Brightness in Black - StoryCorps
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COMING SPRING 2024

A Black child wearing a blue long sleeve button down wearing braids down her back and half of it as a bun up and a Black woman in a blue long sleeve button down and long braids.
A Black boy in a gray hoodie with navy sleeves jumping.
A Black man and woman in a graduation cap and gown.

Brightness in Black collaborates with communities to collect and share joyous, ambitious and cultural stories, while countering harmful narratives about the Black experience in America. Our program design weaves together interview collection and story sharing with opportunities for community conversations, gaming and the sharing of tools and training with partners to sustain our collective narrative change work. 

For 20 years, StoryCorps has convened people and shared and archived their stories. Brightness in Black builds on that foundation.

Get Involved

College students, many of them from HBCUs, have the opportunity to facilitate and archive conversations — and be compensated — as part of a fellowship program. Learn more about how to apply.

Brightness in Black will spend one-year residencies in up to six cities with large Black populations, including Philadelphia and Atlanta, while pursuing additional activations, such as pop-up recordings and events, across the country. 

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Experience our stories.

Brightness in Black shares its content with Black audiences, in order to reflect back their richness and boldness, and with White audiences to foster intercultural dialogue.

“And to this day, I live my life trying to be half the man my father was.”

In 1964, Lynn was one of 14 Black students who integrated West High School in Knoxville, Tennessee. During this difficult time in his life, there was one man who always made him feel safe and supported—his father, Ted Weaver—who worked as a janitor and chauffeur. At StoryCorps, Lynn talked to his daughter, Kimberly, about a lesson he learned from his father that extended beyond the classroom. Read the full transcript.

“If somebody needed help — granny was going.”

Mary Stepp Burnette Hayden was born into enslavement in Black Mountain, NC, and was freed at age seven. She became a central figure in the community as a midwife, delivering several hundred babies — including her own grandchildren. Her granddaughter, Mary Othella Burnette, came to StoryCorps with her daughter, Debora Hamilton Palmer, to honor their family matriarch. Read the full transcript.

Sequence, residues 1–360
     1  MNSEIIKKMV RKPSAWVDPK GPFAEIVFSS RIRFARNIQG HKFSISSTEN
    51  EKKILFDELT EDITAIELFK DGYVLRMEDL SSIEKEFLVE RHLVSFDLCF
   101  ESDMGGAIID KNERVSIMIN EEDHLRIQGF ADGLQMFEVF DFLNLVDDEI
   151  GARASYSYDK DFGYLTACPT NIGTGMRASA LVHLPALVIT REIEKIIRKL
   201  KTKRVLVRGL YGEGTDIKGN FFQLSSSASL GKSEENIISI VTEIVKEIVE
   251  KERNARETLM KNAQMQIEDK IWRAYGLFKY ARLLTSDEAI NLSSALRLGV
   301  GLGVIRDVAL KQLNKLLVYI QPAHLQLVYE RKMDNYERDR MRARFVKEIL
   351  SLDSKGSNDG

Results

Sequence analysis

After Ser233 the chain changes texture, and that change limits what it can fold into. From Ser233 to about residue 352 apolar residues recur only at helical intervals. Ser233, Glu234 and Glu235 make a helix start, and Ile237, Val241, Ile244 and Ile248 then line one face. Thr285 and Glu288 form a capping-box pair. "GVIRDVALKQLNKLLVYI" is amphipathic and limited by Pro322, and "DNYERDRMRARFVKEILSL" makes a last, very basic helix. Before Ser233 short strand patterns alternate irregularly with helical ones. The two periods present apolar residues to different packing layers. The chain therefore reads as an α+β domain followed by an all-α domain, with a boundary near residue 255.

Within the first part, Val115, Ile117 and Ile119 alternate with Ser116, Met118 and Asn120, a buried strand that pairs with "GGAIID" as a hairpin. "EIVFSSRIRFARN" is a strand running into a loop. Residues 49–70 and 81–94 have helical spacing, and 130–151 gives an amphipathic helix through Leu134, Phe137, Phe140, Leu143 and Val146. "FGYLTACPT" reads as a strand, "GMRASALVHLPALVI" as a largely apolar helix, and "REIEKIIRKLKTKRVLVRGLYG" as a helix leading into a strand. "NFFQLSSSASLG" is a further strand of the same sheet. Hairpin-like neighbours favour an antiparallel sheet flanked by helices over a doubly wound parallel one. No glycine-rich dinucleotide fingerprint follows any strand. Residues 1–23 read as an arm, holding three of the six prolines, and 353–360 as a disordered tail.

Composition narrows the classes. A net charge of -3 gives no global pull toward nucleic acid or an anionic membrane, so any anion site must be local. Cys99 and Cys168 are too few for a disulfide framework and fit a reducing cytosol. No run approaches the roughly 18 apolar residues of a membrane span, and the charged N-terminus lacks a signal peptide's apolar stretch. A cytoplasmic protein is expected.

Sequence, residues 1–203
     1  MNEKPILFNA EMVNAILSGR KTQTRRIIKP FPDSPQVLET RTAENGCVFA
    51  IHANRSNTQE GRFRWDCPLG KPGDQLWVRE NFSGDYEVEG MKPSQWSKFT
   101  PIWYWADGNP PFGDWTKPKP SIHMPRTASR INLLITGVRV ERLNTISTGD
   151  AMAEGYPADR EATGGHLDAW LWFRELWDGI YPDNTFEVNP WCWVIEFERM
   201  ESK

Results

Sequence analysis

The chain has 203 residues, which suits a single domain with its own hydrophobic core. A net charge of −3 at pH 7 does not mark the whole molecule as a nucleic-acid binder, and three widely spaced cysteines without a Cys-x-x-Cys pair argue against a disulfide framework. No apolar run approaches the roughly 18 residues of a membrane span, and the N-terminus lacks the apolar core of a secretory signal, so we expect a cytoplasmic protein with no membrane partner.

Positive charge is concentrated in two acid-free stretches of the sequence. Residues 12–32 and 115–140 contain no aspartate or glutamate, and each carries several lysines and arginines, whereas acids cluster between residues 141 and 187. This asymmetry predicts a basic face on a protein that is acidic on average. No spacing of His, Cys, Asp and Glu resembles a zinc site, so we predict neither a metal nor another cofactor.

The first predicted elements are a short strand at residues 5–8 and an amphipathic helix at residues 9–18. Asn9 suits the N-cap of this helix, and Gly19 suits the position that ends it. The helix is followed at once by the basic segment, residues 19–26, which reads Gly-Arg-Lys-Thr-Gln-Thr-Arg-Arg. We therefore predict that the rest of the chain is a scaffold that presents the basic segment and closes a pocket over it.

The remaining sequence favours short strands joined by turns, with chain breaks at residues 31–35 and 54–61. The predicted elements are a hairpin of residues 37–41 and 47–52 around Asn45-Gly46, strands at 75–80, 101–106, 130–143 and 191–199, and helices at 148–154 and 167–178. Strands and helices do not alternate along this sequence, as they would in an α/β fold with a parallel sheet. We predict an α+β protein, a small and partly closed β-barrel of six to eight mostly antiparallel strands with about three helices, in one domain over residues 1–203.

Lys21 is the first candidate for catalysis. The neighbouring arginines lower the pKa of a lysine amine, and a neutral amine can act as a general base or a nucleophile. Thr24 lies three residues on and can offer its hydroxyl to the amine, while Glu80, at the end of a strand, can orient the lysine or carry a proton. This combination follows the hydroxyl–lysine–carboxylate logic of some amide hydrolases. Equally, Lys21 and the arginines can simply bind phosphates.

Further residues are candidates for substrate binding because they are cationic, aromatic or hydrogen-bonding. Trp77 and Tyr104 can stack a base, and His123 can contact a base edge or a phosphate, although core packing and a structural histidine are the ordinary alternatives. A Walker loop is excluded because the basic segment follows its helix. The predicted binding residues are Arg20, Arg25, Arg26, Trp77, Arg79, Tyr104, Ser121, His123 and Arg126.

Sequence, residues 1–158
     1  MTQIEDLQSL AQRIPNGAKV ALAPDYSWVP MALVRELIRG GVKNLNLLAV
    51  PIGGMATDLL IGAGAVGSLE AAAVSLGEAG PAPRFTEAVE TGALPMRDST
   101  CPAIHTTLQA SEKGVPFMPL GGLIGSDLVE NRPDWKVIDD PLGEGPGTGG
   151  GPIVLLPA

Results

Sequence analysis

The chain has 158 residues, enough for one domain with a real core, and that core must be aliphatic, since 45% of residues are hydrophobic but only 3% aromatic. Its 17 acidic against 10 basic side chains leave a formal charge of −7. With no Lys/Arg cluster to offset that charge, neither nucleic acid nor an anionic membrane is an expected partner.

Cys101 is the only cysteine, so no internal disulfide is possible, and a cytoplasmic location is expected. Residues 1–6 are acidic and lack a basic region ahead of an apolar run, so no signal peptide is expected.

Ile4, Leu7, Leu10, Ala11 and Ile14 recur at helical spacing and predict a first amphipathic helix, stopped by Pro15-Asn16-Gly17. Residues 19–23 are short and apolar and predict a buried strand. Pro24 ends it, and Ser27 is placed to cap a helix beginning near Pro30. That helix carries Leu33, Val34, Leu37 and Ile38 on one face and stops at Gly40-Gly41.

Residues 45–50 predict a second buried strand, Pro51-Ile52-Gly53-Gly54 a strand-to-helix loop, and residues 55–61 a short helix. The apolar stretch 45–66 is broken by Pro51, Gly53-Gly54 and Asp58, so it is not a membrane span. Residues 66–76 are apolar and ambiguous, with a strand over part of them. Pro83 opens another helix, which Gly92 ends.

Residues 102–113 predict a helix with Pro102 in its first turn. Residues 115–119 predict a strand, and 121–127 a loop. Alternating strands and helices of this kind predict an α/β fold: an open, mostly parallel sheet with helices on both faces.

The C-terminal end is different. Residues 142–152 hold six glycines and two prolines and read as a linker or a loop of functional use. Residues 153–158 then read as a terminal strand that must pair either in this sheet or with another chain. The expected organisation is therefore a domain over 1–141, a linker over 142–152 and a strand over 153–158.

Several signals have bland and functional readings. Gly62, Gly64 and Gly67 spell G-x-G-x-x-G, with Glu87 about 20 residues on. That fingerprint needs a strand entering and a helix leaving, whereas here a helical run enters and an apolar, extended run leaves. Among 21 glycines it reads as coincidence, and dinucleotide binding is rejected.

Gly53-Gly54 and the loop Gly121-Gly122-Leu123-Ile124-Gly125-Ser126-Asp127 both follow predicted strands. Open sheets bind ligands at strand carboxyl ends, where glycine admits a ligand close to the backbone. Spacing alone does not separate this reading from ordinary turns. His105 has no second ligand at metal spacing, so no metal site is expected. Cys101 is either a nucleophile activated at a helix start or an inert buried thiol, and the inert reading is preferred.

“My basketball teammates were my first babysitters.”

Wil Smith enrolled as a freshman at Bowdoin College at age 27
with his infant daughter, Olivia, in tow. Wil balanced his studies, a night job, and basketball — all while raising his daughter. As a
teenager, Olivia sat down with her dad to hear more about their days as college roommates. Read the full transcript.

“My dream for you is for you to live out your dreams.”

When nine-year-old Aidan Sykes came to StoryCorps in
Jackson, Mississippi, he had some important questions for his
father Albert. During their conversation, Albert shares his
experience of Black fatherhood and his dreams for Aidan’s
future. Read the full transcript.

“Everyone wanted to be at our house.”

Mary Mills grew up in the 1960s in a quiet neighborhood near
Santa Monica, CA. Although Mary didn’t have siblings to play
with, she was never lonely. There were plenty of children nearby, all of whom wanted to hang out with Mary and her mom, Joyce Carter Mills. Mary brought Joyce to StoryCorps to share why she was “the mom every other kid wanted.” Read the full transcript.

THANK YOU TO OUR MAJOR FUNDERS

Brightness in Black is made possible by lead support from Michael Jordan and the Jordan Brand’s Black Community Commitment, and by the generous support of The Hearthland Foundation.